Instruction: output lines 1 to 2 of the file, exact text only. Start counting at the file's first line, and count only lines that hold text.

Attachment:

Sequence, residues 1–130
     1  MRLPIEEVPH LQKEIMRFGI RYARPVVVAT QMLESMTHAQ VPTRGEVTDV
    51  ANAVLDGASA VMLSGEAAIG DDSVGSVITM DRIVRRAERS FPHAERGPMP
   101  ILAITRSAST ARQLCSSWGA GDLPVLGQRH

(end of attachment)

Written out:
Sequence, residues 1–130
     1  MRLPIEEVPH LQKEIMRFGI RYARPVVVAT QMLESMTHAQ VPTRGEVTDV